Pax Fauna Fellowship Application - Written Tasks

Instructions

Submit your responses to the form below by the date/time you were given. Word counts are upper limits; if you can convey your response in fewer words, do so.

Don’t worry if the content of these research tasks doesn’t line up with your strengths. These are meant to assess your ability to encounter a new idea or challenge, digest information quickly, and devise a plan for further investigation.

Read the instructions carefully and work in a separate document until you're ready to submit; this page will not save your work.

If any of the instructions are not clear, don’t hesitate to email us and we will clarify.

Task #1 - Learn, Report, Implement (90-120 minutes)

For this task, you are asked to learn about a new conceptual framework relevant to advocacy, communicate a summary of the ideas, and implement them. Your answers will be assessed for your ability to quickly digest, convey, and apply new ideas.

Learn - watch the first 10 videos (the remaining 5 are optional) in this playlist showing a training by structure-based organizing legend Marshall Ganz on his messaging framework Public Narrative.

Task 1A: Report - explain Public Narrative as if you were speaking to a grassroots community organizer. Explain what it is, how it works, the key ideas, and why it is relevant to their work, in 250 words or less.

Task 1B: Implement - Imagine you were submitting a letter to the editor in the Denver Post, modeled on Public Narrative, in support of a local animal rights campaign to ban slaughterhouses in the city. What personal anecdotes, supporting facts, and other components might you choose to include? Sketch out 1-2 examples each of how you'd convey your stories of self, us, and now. 250 words or less.

Task #2 - Policy Research (60-90 minutes)

For this task, you will conduct some initial research on a problem, identify questions for further research, and lay out a basic plan for how you would find answers to those questions.

Resourcefulness is encouraged. Your research can take any form, including asking for guidance from experts or friends. It’s OK if you’ve never researched a question like this before; this task assesses your ability to find and interpret new information and create a research plan.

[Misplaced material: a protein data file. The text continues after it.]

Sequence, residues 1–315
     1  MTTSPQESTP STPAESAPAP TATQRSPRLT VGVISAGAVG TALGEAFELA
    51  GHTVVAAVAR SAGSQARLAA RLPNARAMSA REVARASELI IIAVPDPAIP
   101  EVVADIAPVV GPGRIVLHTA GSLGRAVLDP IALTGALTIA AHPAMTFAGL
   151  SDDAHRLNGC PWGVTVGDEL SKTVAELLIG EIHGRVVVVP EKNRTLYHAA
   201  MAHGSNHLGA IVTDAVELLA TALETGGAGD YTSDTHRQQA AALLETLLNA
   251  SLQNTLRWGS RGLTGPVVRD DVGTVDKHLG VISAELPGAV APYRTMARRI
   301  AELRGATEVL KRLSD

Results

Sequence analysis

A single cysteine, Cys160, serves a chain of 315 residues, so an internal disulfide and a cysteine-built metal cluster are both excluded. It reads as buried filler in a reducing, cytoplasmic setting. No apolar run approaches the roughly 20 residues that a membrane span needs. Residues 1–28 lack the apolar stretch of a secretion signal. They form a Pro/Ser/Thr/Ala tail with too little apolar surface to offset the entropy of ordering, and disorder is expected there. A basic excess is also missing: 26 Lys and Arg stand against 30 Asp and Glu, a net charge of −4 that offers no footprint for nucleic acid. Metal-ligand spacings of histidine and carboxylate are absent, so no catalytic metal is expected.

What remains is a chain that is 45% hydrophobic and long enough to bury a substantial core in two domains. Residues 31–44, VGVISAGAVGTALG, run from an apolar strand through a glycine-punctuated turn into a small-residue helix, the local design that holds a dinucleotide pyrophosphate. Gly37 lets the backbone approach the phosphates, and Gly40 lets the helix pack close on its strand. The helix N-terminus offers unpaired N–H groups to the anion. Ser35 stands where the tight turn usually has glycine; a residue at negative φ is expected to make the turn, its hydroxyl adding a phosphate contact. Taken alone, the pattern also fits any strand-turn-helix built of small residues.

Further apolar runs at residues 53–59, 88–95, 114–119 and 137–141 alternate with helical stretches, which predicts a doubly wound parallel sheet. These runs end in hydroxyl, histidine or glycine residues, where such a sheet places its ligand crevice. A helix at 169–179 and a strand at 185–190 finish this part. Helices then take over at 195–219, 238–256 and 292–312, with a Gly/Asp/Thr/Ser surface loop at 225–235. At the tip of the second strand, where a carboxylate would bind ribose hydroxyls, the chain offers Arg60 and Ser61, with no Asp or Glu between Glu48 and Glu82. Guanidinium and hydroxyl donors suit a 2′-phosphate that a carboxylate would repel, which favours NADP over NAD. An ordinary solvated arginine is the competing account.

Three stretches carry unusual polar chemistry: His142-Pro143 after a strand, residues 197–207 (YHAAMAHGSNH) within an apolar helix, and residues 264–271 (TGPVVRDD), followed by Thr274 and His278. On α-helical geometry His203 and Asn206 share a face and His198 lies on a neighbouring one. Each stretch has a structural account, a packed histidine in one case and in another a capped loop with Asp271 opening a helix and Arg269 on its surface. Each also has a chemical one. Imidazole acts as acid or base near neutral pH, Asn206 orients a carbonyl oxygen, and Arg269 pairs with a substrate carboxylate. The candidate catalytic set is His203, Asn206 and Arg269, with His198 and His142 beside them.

Initial research question: Advocates in Colorado are designing a citizen-initiated ballot measure to phase out slaughterhouses. Organizers have agreed on a few specific policies to include in their draft of the measure. First, the draft measure bans slaughterhouses from operating in the state starting in 2030. It also ends the “common animal husbandry practices” exemption from animal cruelty laws, and establishes a program to help farmers transition away from raising animals, paid for by a 1% tax on meat sales. They have come to you asking for legal and strategic advice.

Task 2A - Address what you were able to find in a short time (or what you already know) about each of the following questions, as well as how you would conduct further research to more fully answer them. Briefly explain how and where you found information, and justify your interpretation. 400 words maximum.

  • What potential legal issues (state and federal) as well as practical issues might these advocates run into?

  • What legal bodies would make decisions about the measure if it was challenged?

  • Most important: How would you conduct further research to identify other issues and find out the likelihood that any of these issues would result in the measure being overturned or otherwise failing (besides failing to collect enough votes or signatures)? Be as specific as time and word count allows.

Task 2B - Based on your initial research as well as your pre-existing knowledge and personal opinions, what would you advise the advocates to include (and not include) in their measure, and why? What, in your view, would be both legal and effective? You can suggest something completely different than what they’ve already come up with as long as it is focused on helping animals used for food, however indirectly. 150 words maximum.